So is the extra money coming from general tax revenue? If so, which programs are going to be cut? Education? Health care? The military? Or what additional taxes are to be imposed to pay for this pipe dream? Something's gotta give. But that information isn't provided. Just the comparison to a trip to Tim Horton's.
I asked these same questions to a vocal supporter of this idea. He was supposed to get me some numbers on how much the employer needs to put in, and where the rest of the money is supposed to come from. I'm still waiting.
If the miracle math that turns $4,269 into $198,000 wasn't kooky enough already, demographics makes the nutbar idea fail even faster. You see, when you pay your CPP premiums the money isn't actually set aside in a little account somewhere with your name on it. The bulk of the money is going towards paying the pensions of the people that are already retired.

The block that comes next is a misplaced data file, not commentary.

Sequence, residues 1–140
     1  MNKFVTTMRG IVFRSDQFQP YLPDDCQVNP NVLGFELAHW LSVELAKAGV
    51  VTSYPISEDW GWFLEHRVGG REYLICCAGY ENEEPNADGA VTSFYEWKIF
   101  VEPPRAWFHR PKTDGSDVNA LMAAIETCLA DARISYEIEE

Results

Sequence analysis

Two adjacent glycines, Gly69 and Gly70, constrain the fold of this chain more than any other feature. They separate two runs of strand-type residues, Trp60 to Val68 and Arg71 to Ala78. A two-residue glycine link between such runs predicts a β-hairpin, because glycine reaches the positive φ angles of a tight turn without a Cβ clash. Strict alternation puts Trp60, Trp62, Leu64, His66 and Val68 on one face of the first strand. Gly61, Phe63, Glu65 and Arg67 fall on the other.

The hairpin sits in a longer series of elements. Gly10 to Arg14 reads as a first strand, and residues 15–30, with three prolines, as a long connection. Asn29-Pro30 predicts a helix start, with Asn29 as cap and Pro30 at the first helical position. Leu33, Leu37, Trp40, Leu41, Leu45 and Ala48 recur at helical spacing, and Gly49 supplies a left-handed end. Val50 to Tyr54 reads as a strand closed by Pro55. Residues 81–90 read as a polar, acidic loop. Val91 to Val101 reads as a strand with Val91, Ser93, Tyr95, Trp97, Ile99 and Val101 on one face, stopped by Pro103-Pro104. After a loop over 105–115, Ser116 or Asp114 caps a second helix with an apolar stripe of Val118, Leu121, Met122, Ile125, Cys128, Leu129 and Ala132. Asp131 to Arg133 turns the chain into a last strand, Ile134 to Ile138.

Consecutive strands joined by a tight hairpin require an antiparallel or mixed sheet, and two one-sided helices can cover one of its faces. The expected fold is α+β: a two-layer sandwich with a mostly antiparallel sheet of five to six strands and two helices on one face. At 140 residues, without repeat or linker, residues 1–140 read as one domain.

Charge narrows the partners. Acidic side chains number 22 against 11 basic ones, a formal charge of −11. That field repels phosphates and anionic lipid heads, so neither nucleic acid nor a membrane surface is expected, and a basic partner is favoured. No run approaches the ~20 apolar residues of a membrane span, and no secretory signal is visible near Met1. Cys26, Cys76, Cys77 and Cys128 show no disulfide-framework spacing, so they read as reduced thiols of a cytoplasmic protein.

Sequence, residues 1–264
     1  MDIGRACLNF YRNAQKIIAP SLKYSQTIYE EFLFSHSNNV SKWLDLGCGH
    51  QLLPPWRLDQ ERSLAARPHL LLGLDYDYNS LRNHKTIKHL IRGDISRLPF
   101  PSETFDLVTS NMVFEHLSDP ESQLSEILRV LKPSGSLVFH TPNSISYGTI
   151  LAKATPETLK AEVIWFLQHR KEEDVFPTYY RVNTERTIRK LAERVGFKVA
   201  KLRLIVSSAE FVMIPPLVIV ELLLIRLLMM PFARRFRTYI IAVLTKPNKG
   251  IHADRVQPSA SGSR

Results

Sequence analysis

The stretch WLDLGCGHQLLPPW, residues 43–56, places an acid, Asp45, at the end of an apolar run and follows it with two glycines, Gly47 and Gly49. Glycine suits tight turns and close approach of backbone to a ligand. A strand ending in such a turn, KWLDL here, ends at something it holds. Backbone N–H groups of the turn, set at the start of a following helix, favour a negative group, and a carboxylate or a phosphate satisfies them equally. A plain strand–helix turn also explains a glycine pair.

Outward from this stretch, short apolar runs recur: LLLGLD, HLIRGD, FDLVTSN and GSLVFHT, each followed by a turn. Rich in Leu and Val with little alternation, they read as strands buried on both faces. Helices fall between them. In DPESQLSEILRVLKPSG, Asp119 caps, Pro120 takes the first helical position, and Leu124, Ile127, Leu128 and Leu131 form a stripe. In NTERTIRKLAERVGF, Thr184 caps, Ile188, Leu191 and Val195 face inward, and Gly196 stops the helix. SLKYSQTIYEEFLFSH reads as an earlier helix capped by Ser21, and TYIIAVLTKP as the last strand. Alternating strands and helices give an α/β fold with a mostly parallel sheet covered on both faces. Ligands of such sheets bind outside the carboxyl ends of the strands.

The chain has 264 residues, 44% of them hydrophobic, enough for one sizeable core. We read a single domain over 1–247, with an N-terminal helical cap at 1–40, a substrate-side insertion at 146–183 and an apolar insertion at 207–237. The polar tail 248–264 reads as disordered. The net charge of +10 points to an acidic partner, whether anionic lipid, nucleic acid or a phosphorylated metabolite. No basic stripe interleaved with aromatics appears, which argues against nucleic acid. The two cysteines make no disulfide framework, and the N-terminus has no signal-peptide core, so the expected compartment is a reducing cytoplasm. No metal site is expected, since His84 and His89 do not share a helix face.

Most readers of this column will be familiar with the 10 million baby boomers that are going to retire in the next 20 years. What this means is that fewer and fewer workers are going to be asked to shoulder the pensions of more and more retirees. We are looking at 25 percent of the Canadian population being over age 65 in the near future. Doubling the CPP will only exacerbate the situation. Near as I can see, the scheme is silent on how to handle demographics.
It's alarming that one the caretakers of the website promoting the idea is ignorant of how CPP is funded. He or she was insisting that any money that a person puts into the CPP is held for their eventual retirement. That's a mistake. It's not true. How can these guys come up with a scheme to double CPP pensions if they don't understand how the CPP is funded?
Yet their mistakes are being proclaimed as truths. And gullible people believe it.
At the end of the day there is no free lunch. You aren't going to double your CPP pension with a mere $4,269 in extra premiums.
Be careful of who you listen to on the Internet. Especially people making outlandish statements, anonymous or not.
The opinions expressed are those of Brad Brain, CFP, R.F.P. CLU, CH.F.C., FCSI. Brad Brain is a Certified Financial Planner with Manulife Securities Incorporated, Member CIPF and with Manulife Securities Insurance Agency in Fort St John, BC. Brad Brain can be reached at email@example.com www.bradbrainfinancial.com.